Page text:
Malawi has failed to satisfy international buyers’ demand for tobacco this year having sold 85 million kilogrammes (kg) of all types of the leaf against the required 150 million kg.
According to figures from the tobacco market operator, AHL Group, as of week 19, the country sold 84.7 million kg of tobacco, realising $181.3 million.
The earnings are also lower than the $194.9 million the country realised after selling 121.7 million kg of all types of tobacco last season.
This comes as all markets have been closed except Mzuzu Auction Floors which closes tomorrow.
The drop in volume was, however, a blessing in disguise as demand and supply forces came into force, pushing average prices to $2.14 from $1.50 last season.
AHL Group General Manager Graham Kunimba said since the appetite from the buyers was huge while the supply was low, the leaf attracted better prices.
“Next year we expect further improved prices because the cost of production will be high and they will have to balance but the industry will sit and decide and recommend minimum prices but farmers are expecting improved prices,” he said.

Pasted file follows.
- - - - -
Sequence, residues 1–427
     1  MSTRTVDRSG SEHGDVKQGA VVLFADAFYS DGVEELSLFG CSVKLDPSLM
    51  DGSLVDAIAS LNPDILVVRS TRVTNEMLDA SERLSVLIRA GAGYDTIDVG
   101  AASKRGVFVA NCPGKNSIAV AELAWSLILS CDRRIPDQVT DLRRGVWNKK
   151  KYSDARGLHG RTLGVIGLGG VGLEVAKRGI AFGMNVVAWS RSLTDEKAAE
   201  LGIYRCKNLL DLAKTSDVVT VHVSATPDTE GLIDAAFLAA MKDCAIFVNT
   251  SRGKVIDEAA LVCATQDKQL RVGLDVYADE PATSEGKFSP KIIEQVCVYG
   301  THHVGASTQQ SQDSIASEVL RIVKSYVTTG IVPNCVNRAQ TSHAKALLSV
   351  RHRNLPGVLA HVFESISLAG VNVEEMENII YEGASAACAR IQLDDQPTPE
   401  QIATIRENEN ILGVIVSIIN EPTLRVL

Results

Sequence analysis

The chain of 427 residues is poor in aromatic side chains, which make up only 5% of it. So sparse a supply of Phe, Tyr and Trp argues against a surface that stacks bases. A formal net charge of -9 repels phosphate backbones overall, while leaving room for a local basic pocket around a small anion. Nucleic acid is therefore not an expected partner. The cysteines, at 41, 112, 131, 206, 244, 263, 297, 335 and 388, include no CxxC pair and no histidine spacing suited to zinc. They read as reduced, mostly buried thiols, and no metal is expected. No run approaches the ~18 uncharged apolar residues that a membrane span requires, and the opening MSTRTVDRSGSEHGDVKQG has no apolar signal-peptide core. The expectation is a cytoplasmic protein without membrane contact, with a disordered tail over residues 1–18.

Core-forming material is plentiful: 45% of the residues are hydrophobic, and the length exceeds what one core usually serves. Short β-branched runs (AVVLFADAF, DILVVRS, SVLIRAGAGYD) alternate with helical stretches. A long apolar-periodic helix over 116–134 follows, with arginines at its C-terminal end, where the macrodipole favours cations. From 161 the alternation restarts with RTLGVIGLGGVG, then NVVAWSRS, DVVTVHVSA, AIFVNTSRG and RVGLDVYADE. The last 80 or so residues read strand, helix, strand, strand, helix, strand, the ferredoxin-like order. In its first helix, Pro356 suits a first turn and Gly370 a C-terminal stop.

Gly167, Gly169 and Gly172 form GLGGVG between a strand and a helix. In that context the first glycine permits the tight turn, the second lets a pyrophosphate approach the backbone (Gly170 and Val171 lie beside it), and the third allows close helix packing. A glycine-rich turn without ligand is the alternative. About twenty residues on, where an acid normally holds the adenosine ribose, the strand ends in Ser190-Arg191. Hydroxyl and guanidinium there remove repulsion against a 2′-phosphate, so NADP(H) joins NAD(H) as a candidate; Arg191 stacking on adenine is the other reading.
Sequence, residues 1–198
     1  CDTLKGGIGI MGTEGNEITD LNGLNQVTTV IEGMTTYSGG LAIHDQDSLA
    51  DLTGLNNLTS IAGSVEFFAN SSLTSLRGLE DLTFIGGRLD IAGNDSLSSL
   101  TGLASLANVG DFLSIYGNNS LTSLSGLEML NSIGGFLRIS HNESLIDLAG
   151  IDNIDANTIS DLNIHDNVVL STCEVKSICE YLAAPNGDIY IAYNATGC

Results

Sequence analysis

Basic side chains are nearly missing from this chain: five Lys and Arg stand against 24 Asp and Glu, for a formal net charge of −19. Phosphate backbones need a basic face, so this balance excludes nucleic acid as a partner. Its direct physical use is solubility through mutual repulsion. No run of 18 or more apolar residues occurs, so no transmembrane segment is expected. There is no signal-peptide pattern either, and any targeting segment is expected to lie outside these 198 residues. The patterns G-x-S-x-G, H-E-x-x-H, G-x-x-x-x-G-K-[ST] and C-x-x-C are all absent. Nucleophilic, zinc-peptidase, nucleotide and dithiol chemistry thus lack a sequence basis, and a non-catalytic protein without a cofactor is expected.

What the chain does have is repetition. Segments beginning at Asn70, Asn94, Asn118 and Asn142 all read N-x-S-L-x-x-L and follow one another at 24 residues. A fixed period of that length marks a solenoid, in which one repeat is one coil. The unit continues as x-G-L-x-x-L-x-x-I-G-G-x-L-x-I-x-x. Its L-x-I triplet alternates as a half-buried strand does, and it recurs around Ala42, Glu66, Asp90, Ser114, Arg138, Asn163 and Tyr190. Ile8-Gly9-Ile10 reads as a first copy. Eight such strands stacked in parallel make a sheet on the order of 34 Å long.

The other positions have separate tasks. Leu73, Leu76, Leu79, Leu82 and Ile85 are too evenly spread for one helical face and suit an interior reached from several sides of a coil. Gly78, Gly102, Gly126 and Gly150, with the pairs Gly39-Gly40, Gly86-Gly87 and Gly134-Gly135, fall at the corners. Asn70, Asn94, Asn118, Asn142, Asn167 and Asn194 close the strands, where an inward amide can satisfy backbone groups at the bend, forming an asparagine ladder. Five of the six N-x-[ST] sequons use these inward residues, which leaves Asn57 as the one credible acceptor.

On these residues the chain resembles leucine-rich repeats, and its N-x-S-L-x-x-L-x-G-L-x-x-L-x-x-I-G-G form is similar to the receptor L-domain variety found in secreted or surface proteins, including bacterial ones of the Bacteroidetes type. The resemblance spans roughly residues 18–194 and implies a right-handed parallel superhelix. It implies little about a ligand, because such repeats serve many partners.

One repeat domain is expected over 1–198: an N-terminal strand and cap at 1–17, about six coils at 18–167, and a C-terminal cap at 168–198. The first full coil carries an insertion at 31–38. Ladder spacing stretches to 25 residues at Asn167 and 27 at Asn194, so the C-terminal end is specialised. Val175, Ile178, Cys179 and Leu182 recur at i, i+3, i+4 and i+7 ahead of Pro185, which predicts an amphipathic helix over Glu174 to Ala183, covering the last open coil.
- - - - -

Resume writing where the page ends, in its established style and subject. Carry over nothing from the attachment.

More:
Tobacco Association of Malawi (Tama) Trust President Abiel Kalima Banda said a lower leaf output was expected due to harsh weather conditions.
“Apart from delayed rains, early this year we have seen two storms which swept crop fields across the country especially in the southern region so all these factors have affected tobacco output,” Banda said.
Meanwhile agriculturalist Leonard Chimwaza said the leaf is gradually losing its relevance evidenced by lowering output and revenue.
Chimwaza compared the leaf with Soya, whose production was not as involving and costly as the leaf.
“The comparison does not favour tobacco and farmers have been shifting towards legumes rather than tobacco and this trend will continue unless there should be some kind of incentives,” he said.
While buyers demanded 150 million kg, the country forecasted that tobacco output will be at 100 million kg but with the current figures, the market has failed to fulfil the forecast.
The closure of the Mzuzu Auction floor Friday will mark the end of this year’s tobacco market which opened in March.
Tobacco remains the backbone of commercial agriculture in Malawi and main cash crop and foreign exchange earner but its production has been on the downward spiral in recent years.
Justin Mkweu is a fast growing reporter who currently works with Times Group on the business desk.
He is however flexible as he also writes about current affairs and national issues.